Ukrainian doctor struggles with lack of resources

KIEV (Reuters) - Family doctor Dmitriy Rozumiy struggles to bridge the gap between what his patients in rural Ukraine need and what the country’s cash-strapped healthcare system can provide.

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His clinic in the village of Ivankovichy, 35 kilometers outside Kiev, uses Soviet-era medical equipment and lacks basic supplies. Life expectancy in Ukraine is on average five years shorter than the European average, according to the World Health Organization.

Rozumiy, 51, has worked as a general practitioner since 2014. Before that, he worked as a cancer surgeon but he gave up because budget cuts were causing late diagnoses and leading to lower survival rates.

His current patients are mostly children and pensioners. Many working age adults choose not to be treated because they often cannot afford the medicines that are available.

Recently, Rozumiy said he has seen some improvements since the start of a Western-backed reform drive.

“There’s a desperate need,” he said, expressing a hope for faster change. Patchy implementation of the reform drive has raised questions about Ukraine’s ability to modernize after a pro-European uprising in 2013-2014.

Last October, parliament approved a long-delayed overhaul of the health system following international pressure to speed up reform.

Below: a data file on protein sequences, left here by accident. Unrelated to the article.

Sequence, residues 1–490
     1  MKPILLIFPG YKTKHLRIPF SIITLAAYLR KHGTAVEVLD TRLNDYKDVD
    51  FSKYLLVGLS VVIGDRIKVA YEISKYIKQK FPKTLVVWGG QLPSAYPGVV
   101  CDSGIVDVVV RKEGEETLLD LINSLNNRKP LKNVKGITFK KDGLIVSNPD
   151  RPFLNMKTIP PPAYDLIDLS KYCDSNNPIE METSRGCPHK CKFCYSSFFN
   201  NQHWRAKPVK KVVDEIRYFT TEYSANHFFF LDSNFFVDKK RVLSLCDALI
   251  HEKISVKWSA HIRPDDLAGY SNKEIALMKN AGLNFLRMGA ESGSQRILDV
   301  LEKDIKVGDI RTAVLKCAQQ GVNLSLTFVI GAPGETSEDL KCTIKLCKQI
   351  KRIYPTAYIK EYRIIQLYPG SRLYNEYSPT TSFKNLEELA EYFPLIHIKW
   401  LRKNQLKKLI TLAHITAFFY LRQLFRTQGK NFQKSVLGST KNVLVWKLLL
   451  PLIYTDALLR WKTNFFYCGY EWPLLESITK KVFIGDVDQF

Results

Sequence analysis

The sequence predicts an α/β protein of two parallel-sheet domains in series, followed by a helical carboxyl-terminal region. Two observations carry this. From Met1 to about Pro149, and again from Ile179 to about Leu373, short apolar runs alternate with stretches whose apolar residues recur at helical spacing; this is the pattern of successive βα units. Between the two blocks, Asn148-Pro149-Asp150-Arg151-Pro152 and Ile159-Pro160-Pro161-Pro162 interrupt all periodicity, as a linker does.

“I hope ... this will give us a chance but if this turns out to be yet another bluff, well then we’ll lose everything,” Rozumiy said.

He said recent positive changes include the launch of programs to improve treatment for military veterans and help pensioners gain access to certain medicines.

But times remain tough, forcing Rozumiy to consider halting some home visits as he cannot afford the petrol costs for his car on a salary of around 6000 hryvnias ($230) per month.

His clinic’s decrepit central heating system occasionally fails in the middle of winter, prompting parents to keep their children bundled up in snow-suits during consultations.

Ivankovichy is far from unique. Hospitals across the country of 42 million are crumbling, underpayment of medical staff has prompted many to quit and Ukraine’s vaccination rate is one of the worst in Europe.

Writing by Alessandra Prentice; Editing by Tom Balmforth